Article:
Local governments in Texas say they are on the mend after a large-scale coordinated devastating ransomware attack that hit 23 municipal agencies in the American state.
Around August 16, United States time, malicous software was disseminated through an unnamed managed services provider that was compromised.
In an update, the Texas Department of Information Resources, said that two weeks later, more than half of the local governments have recovered from the ransomware attack.
The ransomware attack caused widespread disruption in the state of Texas.
One local authority, the city of Borger, said it could not process payments for any services after the ransomware attack.
Other local governments also had to tell their constituents that services were disrupted and had to be performed manually.
US media reported that the ransomware extortionists sought US$2.5 million.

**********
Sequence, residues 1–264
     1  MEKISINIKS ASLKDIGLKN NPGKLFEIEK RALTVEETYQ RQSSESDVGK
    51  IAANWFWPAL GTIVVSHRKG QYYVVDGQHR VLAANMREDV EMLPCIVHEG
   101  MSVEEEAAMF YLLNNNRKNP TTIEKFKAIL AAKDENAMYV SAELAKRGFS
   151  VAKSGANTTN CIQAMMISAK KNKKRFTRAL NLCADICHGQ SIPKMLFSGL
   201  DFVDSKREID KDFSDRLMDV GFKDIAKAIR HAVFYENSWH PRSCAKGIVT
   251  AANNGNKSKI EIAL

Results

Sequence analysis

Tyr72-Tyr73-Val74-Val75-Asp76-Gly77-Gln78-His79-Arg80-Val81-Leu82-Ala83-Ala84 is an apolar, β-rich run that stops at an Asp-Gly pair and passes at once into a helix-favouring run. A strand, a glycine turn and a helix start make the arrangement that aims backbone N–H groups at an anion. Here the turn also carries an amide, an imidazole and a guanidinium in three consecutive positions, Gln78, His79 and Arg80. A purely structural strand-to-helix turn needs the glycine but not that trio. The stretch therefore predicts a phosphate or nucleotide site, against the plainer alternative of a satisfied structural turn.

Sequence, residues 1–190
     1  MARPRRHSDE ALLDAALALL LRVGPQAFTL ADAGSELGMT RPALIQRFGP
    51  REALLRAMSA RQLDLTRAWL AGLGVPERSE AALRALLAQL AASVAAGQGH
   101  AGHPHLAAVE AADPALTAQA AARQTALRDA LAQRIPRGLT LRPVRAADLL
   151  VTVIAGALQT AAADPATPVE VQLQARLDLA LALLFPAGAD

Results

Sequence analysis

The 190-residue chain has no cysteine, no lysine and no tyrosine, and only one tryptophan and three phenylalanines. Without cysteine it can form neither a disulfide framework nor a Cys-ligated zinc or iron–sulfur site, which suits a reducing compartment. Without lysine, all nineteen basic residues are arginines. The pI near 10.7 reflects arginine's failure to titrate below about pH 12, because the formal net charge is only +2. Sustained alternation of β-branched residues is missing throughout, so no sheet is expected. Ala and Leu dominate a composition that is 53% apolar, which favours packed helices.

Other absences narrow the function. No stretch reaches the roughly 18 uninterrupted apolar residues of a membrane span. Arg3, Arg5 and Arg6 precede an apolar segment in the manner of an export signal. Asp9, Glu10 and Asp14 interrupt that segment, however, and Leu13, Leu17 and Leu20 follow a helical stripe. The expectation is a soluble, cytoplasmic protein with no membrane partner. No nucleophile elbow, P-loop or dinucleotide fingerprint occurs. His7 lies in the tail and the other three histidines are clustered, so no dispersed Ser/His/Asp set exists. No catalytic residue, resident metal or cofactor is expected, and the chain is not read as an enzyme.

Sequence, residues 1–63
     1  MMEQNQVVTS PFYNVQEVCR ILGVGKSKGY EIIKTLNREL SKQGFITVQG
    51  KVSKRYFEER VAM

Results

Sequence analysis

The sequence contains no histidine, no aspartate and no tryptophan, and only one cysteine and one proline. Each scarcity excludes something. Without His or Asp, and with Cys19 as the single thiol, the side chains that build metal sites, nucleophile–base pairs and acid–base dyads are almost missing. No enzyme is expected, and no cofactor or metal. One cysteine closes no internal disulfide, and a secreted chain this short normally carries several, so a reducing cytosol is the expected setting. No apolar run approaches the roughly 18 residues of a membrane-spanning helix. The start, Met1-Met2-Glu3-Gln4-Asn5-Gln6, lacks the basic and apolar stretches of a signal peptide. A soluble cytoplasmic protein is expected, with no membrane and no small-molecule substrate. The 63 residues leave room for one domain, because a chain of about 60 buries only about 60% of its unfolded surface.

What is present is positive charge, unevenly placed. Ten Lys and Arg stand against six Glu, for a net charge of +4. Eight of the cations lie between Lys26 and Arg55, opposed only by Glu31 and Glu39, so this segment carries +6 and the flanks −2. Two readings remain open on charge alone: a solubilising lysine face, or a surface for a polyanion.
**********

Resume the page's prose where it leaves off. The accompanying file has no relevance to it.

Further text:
There is no indication that any ransom was paid however, the Texas DIR said.
Many Texan local authorities outsource their IT requirements. Nancy Rainosek, the chief information security officer of the DIR advised those to only allow authentication to remote access software from inside the provider's network.
Furthermore, they should use two-factor authentication on remote administration tools and Virtual Private Network tunnels (VPNs) rather than remote desktop protocols (RDPs).
Blocking inbound network traffic from Tor Exit nodes, and outbound traffic to Pastebin is also recommended.
Users should also employ Endpoint Detection and Response (EDR) to detect Windows Powershell (PS) running unusual processes, Rainosek suggested.